Making the case for job creation
Thursday, September 29, 2011
House of Commons Debates
OFFICIAL REPORT (HANSARD)
Thursday, Spetember 29, 2011Hon. Scott Brison (Kings—Hants, Lib.):
Madam Speaker, I stand today to speak to the motion put forward by the member for Parkdale—High Park. I will be sharing my time with my excellent colleague, the member for York West, who also serves as the Liberal critic for seniors and pensions.
The motion calls on the government to adopt a real plan to promote job creation, to take immediate action to fix the crumbling infrastructure and to maintain the full public sector contribution to the Canadian economy so as to avert another serious recession.
Time and again, we hear the Conservatives bragging about the job situation in Canada. It shows how out of touch they are with many Canadians. Under the Conservatives, unemployment is actually up. In fact, it is harder to find a job today than it was when the Conservatives first took office. That is because, under the Conservatives, job creation in Canada is simply not keeping up with our population growth.
Today, 1.4 million Canadians are out of work and looking for a job. That is 344,000 more unemployed Canadians compared with just before the recession. That is 213,000 more unemployed Canadians than when the Conservatives first took office. Canada's unemployment rate is now 7.3% and that does not include the thousands of Canadians who have simply given up looking for work. We do not see any real plan from the Conservatives to create jobs.
Our national employment figures also do not tell the whole story. If we go into regions of the country, for instance the Maritimes and Ontario and Quebec, we see a very different picture from what we see in resource-rich provinces like Saskatchewan and Alberta.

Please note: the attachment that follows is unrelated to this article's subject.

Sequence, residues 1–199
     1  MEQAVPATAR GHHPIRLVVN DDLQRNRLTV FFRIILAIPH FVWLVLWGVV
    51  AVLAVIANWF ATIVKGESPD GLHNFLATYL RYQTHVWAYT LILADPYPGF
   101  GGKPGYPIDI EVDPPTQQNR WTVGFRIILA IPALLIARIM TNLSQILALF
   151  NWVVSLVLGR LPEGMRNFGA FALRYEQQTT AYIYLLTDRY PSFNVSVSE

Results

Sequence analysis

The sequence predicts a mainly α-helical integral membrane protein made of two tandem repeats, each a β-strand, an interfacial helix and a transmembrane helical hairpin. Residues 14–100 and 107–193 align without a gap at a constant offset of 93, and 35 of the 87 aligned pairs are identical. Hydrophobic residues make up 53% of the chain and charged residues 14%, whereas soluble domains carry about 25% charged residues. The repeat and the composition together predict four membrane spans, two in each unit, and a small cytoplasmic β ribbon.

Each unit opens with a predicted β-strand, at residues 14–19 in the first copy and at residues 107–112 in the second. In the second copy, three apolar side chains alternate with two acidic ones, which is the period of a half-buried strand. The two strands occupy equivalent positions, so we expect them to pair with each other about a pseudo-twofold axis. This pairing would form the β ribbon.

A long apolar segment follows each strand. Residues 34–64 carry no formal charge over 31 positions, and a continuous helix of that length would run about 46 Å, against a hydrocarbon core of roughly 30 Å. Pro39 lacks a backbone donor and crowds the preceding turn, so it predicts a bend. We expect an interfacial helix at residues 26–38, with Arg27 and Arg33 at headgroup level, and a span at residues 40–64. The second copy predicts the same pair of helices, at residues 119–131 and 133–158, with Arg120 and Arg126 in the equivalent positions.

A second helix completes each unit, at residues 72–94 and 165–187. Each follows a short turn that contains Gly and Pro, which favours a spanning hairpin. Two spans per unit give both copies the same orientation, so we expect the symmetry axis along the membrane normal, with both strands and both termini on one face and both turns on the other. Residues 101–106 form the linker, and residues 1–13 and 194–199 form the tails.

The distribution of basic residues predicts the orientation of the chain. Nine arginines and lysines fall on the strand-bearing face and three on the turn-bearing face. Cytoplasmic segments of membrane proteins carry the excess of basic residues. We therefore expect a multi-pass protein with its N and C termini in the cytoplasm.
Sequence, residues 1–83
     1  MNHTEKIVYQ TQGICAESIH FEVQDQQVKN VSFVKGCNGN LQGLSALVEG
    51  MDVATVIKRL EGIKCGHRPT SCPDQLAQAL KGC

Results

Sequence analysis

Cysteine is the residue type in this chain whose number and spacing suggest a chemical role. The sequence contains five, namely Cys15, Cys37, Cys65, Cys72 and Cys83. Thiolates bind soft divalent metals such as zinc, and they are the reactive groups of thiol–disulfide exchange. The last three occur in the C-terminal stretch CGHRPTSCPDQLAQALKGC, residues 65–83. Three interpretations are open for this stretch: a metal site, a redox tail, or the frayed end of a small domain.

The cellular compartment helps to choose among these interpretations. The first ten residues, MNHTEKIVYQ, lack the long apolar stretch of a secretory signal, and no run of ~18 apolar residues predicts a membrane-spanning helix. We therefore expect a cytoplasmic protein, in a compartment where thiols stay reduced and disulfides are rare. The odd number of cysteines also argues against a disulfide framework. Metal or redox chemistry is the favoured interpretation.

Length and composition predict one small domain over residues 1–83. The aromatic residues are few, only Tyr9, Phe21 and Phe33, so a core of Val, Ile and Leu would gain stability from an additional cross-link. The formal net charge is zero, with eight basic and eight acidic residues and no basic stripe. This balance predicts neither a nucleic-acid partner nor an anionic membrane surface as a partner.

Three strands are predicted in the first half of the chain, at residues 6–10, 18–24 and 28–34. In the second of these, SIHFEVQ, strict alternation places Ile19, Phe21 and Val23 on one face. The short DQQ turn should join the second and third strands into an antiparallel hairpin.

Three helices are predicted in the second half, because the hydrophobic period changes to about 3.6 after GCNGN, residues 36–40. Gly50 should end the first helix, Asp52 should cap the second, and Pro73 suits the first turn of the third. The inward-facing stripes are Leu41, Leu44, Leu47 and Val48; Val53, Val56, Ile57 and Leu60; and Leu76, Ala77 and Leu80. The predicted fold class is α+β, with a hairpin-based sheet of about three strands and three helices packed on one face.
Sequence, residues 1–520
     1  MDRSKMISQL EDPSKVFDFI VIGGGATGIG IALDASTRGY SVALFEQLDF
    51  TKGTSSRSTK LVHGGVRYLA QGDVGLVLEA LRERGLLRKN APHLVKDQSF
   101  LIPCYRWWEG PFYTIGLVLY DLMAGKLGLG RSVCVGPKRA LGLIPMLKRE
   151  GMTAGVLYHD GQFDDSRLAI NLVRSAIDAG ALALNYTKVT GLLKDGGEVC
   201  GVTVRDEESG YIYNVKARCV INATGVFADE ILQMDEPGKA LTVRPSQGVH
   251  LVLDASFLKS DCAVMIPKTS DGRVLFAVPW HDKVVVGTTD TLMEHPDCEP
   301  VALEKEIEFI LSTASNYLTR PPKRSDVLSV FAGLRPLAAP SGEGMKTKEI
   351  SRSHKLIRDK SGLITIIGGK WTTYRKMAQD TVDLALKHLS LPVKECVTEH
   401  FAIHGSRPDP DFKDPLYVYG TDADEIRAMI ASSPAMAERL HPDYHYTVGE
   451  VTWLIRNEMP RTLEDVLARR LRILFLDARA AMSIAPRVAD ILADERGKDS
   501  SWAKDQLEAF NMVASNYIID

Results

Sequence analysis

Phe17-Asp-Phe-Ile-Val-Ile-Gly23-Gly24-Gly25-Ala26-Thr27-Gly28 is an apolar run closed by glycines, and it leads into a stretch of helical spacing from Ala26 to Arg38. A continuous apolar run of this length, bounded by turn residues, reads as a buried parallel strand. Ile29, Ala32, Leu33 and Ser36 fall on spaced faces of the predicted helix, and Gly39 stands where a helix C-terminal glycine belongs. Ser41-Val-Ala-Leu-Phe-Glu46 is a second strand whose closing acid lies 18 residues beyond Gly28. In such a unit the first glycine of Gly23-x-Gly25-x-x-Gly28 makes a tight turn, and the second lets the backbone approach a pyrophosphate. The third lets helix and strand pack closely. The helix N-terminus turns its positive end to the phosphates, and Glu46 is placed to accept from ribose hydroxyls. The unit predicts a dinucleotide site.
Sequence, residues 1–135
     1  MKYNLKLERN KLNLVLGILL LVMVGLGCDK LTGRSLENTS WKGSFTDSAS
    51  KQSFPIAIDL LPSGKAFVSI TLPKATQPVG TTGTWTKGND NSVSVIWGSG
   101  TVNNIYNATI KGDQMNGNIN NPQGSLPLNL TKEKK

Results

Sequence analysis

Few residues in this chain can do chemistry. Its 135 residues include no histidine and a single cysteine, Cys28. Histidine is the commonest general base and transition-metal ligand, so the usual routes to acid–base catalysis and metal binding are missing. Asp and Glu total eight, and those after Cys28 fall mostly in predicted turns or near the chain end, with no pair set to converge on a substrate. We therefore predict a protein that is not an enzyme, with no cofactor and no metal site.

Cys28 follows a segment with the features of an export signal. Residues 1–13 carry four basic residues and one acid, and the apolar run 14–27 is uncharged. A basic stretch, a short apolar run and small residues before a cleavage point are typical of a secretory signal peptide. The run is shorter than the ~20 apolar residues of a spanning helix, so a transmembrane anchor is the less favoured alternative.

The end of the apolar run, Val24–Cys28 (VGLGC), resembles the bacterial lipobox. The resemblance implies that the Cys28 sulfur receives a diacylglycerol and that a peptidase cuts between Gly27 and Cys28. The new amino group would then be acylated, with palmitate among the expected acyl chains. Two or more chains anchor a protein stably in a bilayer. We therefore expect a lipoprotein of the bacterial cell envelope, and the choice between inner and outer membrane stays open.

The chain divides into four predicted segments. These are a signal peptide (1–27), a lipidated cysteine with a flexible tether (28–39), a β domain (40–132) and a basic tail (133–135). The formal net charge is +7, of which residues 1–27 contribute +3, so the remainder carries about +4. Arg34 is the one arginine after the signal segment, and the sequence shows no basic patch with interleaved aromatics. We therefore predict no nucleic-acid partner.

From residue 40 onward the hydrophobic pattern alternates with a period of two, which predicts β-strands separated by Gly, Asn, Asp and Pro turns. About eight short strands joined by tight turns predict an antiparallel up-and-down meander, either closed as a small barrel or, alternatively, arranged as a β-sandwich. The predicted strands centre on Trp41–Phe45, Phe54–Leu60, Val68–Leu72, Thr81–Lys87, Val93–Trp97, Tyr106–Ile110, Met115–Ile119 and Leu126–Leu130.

As an example, let us look at London, Ontario, which is an area represented by both Conservative and NDP members of Parliament. In London, there are 6,800 fewer net jobs now compared with before the recession. There are 10,700 more people out of work and the unemployment rate is now 9.3%. That is almost three points higher than it was before the recession. Yet, we hear the Conservatives telling these unemployed Canadians that everything is fine, when, in fact, unemployed Canadians and their families are suffering and struggling.
In my own economic region of the Annapolis Valley in Nova Scotia, the counties of Hants, Kings and Annapolis are represented by me as a Liberal member of Parliament and by the member for West Nova, a Conservative member of Parliament. This Statistics Canada catchment area has 5,500 fewer net jobs today compared with before the recession in 2008. There are now 2,200 more people who are unemployed and looking for work and the local unemployment rate has gone from 5% to almost 9%. In regions like these, too many Canadians have lost full-time jobs and have seen their full-time jobs, in many cases, replaced by part-time work. It is hard to pay bills, put food on the table, take care of a family or save for retirement or university or college for their children with part-time work and no benefits.